Border Security Falls Short In Audit

By Spencer S. Hsu
Washington Post Staff Writer
Tuesday, November 6, 2007

U.S. Customs and Border Protection officers failed to stop roughly 1 in 10 illegal immigrants and serious drug and weapons violators from entering the United States through airports and official land border crossings last year, according to a new congressional review.

While screeners turned back more than 200,000 foreigners in 2006, random audits indicate that they missed another 20,000 violators. The Government Accountability Office, Congress's audit arm, blamed failures by officers and supervisors along with inadequate training and staffing. A Customs and Border Protection study this summer concluded that the agency needs 1,600 to 4,000 more officers and agricultural specialists at the nation's air, land and sea ports, or a boost of 7 to 25 percent, the GAO reported.

The federal government has embarked on a costly buildup to guard remote stretches of the U.S.-Mexico border, doubling the Border Patrol ranks to 18,000 agents between 2000 and 2008, planning to add 570 miles of fencing and vehicle barriers and 200 miles of sensors by then, and boosting spending on border security to $9 billion last year.

But experts say as many as half of the United States' estimated 12 million illegal immigrants entered the country not by sneaking across the border but by evading detection at the 326 legal ports of entry or by overstaying visas.

"The more [money] that you pour into the Border Patrol and into enforcement between ports of entry . . . the more pressure there is for people to misuse the system that gets them through the legal ports of entry. It's important to have a balance of resources between both," said Doris Meissner, former commissioner of the Immigration and Naturalization Service, the agency that preceded Customs and Border Protection.

At CBP's request, the GAO withheld the screening failure rate and staffing estimate from a report made public yesterday, calling the data sensitive to law enforcement. The Washington Post obtained the information from two sources familiar with the full report.

In an interview, CBP Deputy Commissioner Jayson P. Ahern acknowledged staffing shortages, but he cast doubt on the accuracy of estimates of how many violators his agency fails to catch -- without discussing the GAO's figures in either case. Auditors cited a CBP program that, since 1999, has compared the rate of violations found among random travelers at ports of entry, who are selected for more detailed inspections, to its arrest totals.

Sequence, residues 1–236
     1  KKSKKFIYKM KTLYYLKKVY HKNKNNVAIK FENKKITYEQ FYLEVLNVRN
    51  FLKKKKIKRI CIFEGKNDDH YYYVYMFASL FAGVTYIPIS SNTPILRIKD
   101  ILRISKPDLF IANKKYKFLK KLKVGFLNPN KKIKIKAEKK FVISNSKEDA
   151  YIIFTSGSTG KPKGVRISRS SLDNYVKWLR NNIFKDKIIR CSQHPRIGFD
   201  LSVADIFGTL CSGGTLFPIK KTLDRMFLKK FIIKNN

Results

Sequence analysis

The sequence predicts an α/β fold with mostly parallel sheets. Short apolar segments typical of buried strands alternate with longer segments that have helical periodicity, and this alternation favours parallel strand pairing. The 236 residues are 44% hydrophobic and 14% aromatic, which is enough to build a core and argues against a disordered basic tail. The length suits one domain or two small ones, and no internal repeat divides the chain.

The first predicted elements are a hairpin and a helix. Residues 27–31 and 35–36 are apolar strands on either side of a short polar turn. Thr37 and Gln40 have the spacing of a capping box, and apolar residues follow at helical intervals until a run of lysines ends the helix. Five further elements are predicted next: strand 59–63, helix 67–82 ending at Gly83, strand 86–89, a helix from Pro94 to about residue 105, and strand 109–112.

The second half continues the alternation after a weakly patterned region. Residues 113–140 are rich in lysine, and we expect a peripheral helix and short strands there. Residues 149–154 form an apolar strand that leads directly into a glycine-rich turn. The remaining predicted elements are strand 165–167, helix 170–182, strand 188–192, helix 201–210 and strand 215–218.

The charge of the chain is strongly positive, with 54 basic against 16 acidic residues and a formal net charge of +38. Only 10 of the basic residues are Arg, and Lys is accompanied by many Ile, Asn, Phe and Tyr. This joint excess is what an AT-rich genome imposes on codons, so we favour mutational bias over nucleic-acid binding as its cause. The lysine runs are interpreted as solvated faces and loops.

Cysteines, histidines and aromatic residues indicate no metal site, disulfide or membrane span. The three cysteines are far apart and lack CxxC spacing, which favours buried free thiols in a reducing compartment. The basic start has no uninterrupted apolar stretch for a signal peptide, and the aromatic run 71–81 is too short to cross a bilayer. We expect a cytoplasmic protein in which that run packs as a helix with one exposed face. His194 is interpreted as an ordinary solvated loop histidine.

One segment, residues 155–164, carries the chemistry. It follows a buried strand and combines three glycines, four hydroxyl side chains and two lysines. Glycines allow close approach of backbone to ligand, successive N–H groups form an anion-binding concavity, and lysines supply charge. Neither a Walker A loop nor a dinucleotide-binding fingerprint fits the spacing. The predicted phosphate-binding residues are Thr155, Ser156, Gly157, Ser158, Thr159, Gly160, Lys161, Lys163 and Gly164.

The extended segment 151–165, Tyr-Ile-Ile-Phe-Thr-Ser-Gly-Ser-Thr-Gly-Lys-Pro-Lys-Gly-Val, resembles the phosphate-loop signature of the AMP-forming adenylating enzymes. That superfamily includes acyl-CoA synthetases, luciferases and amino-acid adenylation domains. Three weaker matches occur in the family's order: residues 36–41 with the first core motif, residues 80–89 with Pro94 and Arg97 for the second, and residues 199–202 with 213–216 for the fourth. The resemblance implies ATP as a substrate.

"There are a lot of compliance measurement methods out there, and none of them are exact. . . . I'm not sure any are valid of individuals that we didn't successfully apprehend," Ahern said.

Since the 2001 terrorist attacks, CBP has expanded screening of travelers and deployed radiation-detection equipment and fingerprint scanners. But 400 million people cross U.S. borders each year, and authorities have been unable to effectively screen them without affecting border communities and trade with Canada and Mexico. That might improve after Jan. 31, when the United States will require travelers to present passports or a reduced number of more secure, machine-readable identification documents than the 8,000 types now used, Ahern said.

In its report, the GAO cited officers' mistakes -- captured by the CBP in 2006 for a 15-minute training video -- in waving through vehicles without required interviews and letting traffic pass as officers changed shifts and logged on to their computers.

GAO testers conducting checks at eight sites found individual cases of officers waving on a pedestrian without looking up from the computer, clearing another by asking from 10 feet away if he was a U.S. citizen and leaving an inspection booth unattended for three or four minutes.

Auditors also found officers with morale problems, fatigue, lack of backup and safety concerns.

"We owe the brave men and women charged with keeping terrorists, illegal drugs, and other dangerous people and items out of the country much better training and working conditions," Senate homeland security committee member Daniel K. Akaka (D-Hawaii) said in a written statement. Akaka is among those who requested the GAO probe.

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